AAPI Month: How media shapes Asian stereotypes


Photo courtesy of Medium

Asian Americans report less discrimination in employment, housing and criminal justice compared to other racial minorities in the United States. Yet they still face the unique stereotype that the media has shaped for them, including the false belief that all Asian Americans are successful and well adapted in American culture. Ultimately, the media has a huge impact on the way certain groups or individuals are viewed. 

Racial prejudice toward Asians is as true today as it was in the past. For example, Asian Americans are highly praised for being the “model minority.” The model minority stereotype placed on Asian Americans implies that each individual will be smart (naturally good at math, science and technology), wealthy, hardworking, obedient and uncomplaining; as well as spiritually enlightened. Asian Americans may feel pressured to meet these cultural expectations. It is important to remember that no one lives up to a stereotype 100 percent of the time and that Asian Americans are a diverse group of individuals with diverse and countless different experiences.

In television, Asian American women have long been stereotyped as exotic, sexual and submissive characters. As we mourn the lives of the individuals killed on Mar. 16, 2021, in Georgia, Atlanta, it is vital to shed light on what the murderer had to say. The suspect, a white man, reportedly told investigators that he had a sexual addiction and viewed their massage parlors as a “temptation” that he “wanted to eliminate,” according to Today. 

In a recent Public Seminar, “ Six of his victims were East Asian American women who fit into a sad pattern of sexually objectifying women of Asian descent and stereotyping them as meek.” said Nadia Kim.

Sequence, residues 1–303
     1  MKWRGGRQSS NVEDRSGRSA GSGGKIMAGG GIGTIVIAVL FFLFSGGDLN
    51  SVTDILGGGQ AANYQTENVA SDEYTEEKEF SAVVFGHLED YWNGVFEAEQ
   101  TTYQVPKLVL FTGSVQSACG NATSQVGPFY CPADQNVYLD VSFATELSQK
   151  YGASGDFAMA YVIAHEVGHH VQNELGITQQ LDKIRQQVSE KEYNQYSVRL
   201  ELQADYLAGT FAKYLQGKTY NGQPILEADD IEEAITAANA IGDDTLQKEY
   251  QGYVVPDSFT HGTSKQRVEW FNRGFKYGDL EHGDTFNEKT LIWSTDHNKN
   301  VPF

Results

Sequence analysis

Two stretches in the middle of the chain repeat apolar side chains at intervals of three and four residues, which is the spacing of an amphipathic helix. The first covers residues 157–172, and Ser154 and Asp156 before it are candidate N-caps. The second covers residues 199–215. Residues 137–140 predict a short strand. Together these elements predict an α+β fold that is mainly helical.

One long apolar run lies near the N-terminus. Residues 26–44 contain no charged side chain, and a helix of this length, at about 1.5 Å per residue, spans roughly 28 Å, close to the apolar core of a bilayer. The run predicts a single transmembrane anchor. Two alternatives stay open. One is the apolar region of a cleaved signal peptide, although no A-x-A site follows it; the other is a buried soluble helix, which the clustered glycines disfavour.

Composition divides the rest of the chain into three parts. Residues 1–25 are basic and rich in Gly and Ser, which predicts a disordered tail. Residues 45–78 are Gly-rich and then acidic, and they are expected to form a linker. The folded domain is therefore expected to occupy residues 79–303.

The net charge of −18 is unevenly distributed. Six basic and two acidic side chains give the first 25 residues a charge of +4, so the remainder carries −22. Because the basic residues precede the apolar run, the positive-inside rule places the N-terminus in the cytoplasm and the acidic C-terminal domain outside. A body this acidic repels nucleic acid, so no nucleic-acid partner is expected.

This racial fetishization of Asian women has long been established in modern culture. 

Asian American women are viewed as quiet and submissive while Asian American men are emasculated. Asian American men are often labeled as nerdy, geeky, unattractive, passive and weak. Asian American men’s true role in society is rarely shown on screen. When they do appear, they are rarely portrayed as a desirable man. On-screen, romantic relationships involving Asian Americans are usually accompanied by a white American significant other. 

Asian Americans have been degraded and neglected in popular media, and have been unable to leave a trace in American pop culture. Notable progress has been made, but there is still more to do when it comes to true representation of Asian characters on-screen and behind the scenes. What we view on a screen reaches far beyond entertainment. Diversity in film and TV also impacts mental health, identity and race relations. Content creators and companies must change how Asians are portrayed in the media, as they have the opportunity and a duty to educate properly. 

Whether it is growing accustomed to negative portrayals of themselves in the media or stomaching microaggressions from friends and strangers, alike Asian Americans know these issues are hardly new. A change needs to be made and it starts with being educated!